Advertisement

What Chemicals Are in Food? Simple Solutions to Avoid Harmful Toxins in Food

By Melinda Wenner Moyer, "How you can avoid BPA, mercury, pesticides and more chemicals in your food.," September/October 2011

How you can avoid BPA, mercury, pesticides and more chemicals in your food.


READER'S COMMENT:
"Thank you for this article. This has long been a concern for our family. Luckily my in-laws raise grass fed beef, chicken, and organic pork. I would love a source for more food companies that have eliminated BPA and other toxins from...

More on the Effects of BPA (bisphenol A)

The American Chemistry Council, the trade organization representing the plastics industry, maintains that BPA “poses no known risks to human health.” Nevertheless, a consensus statement published by 38 academic and EPA researchers in 2007 noted “a relationship between treatment with ‘low doses’ of BPA” and many negative health outcomes. (By “low doses,” they mean doses to which humans are regularly exposed—resulting in blood levels of about 1 nanogram of BPA per milliliter.) For instance, two studies published by researchers at the University of Exeter in England reported an association between higher everyday exposure to BPA and increased risk of heart disease. A study published in 2010 by researchers at Kaiser Permanente reported that the more BPA men have, the lower their sperm count and motility. And in 2009, researchers at the University of North Carolina-Chapel Hill reported that children who were exposed to high levels of BPA in the womb were more likely to exhibit aggression and hyperactivity as 2-year-olds.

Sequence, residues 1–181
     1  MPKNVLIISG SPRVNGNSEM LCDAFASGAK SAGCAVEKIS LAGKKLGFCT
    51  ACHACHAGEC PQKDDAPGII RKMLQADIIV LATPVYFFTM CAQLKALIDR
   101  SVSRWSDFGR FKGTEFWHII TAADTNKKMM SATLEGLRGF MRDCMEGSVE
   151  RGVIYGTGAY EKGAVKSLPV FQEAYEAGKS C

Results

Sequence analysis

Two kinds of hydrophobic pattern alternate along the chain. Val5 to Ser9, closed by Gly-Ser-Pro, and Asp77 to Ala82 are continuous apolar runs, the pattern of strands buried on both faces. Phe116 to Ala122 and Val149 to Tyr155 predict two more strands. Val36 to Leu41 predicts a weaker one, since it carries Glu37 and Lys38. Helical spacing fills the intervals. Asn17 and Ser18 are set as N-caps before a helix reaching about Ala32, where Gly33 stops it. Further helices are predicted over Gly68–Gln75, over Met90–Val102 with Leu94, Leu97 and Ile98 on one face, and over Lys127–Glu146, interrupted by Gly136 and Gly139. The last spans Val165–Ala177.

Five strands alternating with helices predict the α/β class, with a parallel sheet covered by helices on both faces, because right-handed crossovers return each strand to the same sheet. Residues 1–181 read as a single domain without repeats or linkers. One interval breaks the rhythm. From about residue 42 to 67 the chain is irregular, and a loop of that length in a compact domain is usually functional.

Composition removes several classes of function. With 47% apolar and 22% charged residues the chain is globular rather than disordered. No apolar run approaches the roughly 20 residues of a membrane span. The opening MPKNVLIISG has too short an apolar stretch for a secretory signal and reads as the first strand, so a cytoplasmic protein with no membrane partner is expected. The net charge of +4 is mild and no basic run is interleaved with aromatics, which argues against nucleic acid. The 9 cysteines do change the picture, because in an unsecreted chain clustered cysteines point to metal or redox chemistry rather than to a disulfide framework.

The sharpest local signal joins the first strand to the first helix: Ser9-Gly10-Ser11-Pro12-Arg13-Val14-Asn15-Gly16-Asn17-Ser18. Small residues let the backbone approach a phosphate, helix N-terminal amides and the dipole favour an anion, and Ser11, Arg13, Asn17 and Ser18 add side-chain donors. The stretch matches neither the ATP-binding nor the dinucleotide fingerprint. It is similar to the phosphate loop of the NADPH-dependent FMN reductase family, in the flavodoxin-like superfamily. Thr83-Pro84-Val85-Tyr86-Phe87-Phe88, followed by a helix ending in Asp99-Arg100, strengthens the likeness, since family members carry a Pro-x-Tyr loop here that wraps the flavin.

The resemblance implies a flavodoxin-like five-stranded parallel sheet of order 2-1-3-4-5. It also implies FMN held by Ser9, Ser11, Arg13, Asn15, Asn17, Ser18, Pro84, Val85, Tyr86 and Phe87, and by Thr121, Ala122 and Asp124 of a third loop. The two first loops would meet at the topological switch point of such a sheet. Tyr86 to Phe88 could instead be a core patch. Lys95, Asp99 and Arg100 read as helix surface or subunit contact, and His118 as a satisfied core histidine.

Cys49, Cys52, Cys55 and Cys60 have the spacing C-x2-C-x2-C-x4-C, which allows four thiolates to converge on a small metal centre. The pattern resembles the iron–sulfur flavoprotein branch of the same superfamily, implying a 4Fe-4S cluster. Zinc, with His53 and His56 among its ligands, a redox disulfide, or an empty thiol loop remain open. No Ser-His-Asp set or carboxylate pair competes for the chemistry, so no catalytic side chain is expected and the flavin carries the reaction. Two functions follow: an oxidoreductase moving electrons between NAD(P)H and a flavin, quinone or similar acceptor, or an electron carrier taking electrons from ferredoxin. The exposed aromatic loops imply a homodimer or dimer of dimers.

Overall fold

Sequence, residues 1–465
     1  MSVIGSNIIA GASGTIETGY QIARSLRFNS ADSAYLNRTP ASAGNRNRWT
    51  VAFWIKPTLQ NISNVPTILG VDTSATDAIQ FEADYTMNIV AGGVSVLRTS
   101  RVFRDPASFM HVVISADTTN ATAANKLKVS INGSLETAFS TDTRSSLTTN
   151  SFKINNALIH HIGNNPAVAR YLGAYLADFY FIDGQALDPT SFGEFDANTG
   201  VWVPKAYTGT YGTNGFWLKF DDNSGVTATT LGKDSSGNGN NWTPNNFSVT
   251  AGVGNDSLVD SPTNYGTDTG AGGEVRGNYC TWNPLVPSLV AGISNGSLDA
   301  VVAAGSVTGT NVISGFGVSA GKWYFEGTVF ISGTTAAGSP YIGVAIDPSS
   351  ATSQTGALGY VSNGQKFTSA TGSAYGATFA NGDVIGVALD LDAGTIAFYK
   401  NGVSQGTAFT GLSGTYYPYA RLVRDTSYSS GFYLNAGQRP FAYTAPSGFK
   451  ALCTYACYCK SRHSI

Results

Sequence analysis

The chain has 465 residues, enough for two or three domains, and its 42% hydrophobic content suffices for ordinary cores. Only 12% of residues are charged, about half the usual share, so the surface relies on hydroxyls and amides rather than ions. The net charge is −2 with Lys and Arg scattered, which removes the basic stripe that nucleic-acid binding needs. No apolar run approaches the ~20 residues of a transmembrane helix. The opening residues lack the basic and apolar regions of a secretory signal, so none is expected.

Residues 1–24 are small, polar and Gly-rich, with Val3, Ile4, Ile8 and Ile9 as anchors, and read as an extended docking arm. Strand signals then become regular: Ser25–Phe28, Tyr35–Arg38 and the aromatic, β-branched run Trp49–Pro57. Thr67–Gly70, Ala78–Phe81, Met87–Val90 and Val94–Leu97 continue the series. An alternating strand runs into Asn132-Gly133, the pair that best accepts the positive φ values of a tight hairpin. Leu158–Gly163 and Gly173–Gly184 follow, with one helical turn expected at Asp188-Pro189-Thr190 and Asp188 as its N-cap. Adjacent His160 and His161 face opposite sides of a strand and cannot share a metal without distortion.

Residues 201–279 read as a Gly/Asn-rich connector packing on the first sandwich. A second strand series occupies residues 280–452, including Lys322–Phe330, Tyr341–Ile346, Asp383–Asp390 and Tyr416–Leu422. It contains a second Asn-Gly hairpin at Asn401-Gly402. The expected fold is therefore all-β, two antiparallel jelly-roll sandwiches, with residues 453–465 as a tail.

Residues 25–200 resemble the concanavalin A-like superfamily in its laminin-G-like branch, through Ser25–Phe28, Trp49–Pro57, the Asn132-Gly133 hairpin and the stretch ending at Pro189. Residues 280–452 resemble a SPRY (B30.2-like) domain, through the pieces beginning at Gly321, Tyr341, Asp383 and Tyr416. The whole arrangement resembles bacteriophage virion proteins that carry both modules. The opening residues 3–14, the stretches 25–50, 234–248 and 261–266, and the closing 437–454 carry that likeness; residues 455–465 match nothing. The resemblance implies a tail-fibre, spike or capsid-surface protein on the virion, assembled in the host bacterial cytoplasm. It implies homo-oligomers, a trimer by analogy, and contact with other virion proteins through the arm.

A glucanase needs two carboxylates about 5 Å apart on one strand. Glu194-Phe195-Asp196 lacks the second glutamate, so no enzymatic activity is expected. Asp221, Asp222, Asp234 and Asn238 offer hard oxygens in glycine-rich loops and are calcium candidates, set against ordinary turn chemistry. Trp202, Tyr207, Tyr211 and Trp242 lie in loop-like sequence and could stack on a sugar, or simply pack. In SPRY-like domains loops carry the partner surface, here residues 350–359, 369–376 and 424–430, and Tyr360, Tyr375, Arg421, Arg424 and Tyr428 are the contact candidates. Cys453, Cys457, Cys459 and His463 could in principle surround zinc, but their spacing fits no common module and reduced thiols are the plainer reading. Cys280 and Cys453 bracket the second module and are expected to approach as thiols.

The FDA admitted back in January 2010 that it had “some concern” about the safety of BPA; still, it has not taken action to restrict use of the chemical—unlike Canada and the European Union, which banned the chemical from baby bottles in 2008 and 2011, respectively. But 10 states—Connecticut, Delaware, Maine, Maryland, Massachusetts, Minnesota, New York, Vermont, Washington and Wisconsin—have taken the matter into their own hands, passing legislation to ban BPA from baby products. As of June, California was advancing legislation to do the same. And it is possible to buy BPA-free canned foods: for instance, Eden Organics’ canned beans and all Kroger-brand canned foods are now BPA-free. I also discovered that Pomi, an Italian brand, sells diced and strained tomatoes in BPA-free cardboard boxes, so I now use those.

Next: The Health Effects of Chemicals and Toxins: A Clear Forecast »



Get a full year of EatingWell magazine.
World Wide Web Health Award Winner Web Award Winner World Wide Web Health Award Winner Interactive Media Award Winner